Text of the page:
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"People tend to overestimate how tall they are and underestimate how much they weigh," said the lead researcher, Christie Befort, assistant professor of preventive medicine and public health at the University of Kansas Medical Center. "The differences between rural and urban were most pronounced for younger adults between the ages of 20 and 39."
She said the rural-urban disparity could be a result of the "cultural diet" of rural people, which generally has more meat and fat, and isolation from better food sources and exercise facilities. The Times story also says "another factor could be the increased mechanization of farm work," but that presumes that a large percentage of rural Americans work on farms, which is not true.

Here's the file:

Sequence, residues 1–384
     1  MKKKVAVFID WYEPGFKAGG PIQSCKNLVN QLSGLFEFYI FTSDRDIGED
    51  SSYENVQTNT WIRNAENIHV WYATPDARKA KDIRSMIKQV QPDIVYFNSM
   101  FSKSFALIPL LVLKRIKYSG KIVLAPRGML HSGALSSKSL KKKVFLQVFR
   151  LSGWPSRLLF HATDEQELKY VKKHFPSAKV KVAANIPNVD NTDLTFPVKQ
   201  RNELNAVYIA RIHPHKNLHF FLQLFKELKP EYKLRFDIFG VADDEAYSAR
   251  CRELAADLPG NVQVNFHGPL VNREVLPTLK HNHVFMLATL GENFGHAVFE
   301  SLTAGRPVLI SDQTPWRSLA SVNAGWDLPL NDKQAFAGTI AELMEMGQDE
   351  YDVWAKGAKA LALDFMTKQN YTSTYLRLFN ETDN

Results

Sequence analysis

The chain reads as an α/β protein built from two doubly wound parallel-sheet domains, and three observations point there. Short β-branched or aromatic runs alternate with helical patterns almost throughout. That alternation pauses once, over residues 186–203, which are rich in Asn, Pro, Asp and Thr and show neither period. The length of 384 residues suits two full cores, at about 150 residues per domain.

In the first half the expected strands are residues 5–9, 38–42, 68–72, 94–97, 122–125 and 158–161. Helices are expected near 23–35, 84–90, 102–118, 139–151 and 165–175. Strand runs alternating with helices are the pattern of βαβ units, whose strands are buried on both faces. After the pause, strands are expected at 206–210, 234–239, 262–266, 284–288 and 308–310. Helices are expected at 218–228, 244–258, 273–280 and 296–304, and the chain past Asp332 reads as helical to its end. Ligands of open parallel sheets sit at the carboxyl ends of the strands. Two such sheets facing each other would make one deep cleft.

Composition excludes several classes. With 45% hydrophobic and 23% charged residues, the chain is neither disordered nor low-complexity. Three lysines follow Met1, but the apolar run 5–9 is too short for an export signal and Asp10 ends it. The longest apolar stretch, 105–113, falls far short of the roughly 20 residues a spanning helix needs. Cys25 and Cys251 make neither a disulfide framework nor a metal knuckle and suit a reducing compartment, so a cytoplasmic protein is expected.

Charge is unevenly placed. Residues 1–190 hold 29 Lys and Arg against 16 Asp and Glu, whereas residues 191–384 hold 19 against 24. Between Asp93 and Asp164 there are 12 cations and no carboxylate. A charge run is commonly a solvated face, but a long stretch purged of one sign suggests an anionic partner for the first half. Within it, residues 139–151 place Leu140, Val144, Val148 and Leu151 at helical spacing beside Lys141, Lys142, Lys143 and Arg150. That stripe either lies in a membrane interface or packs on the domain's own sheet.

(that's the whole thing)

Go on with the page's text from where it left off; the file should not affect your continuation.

The study found that 39.6 percent of rural Americans are obese, while 33.4 percent of urban residents were, but the story does not give the study's time period or how it defined "rural."
The study appears in the latest issue of the subscription-only quarterly Journal of Rural Health, which is subscription-only; the journal's site says abstracts of its articles are available from the National Library of Medicine's PubMed service, but the article has not been posted at this writing. for the Times story, click here.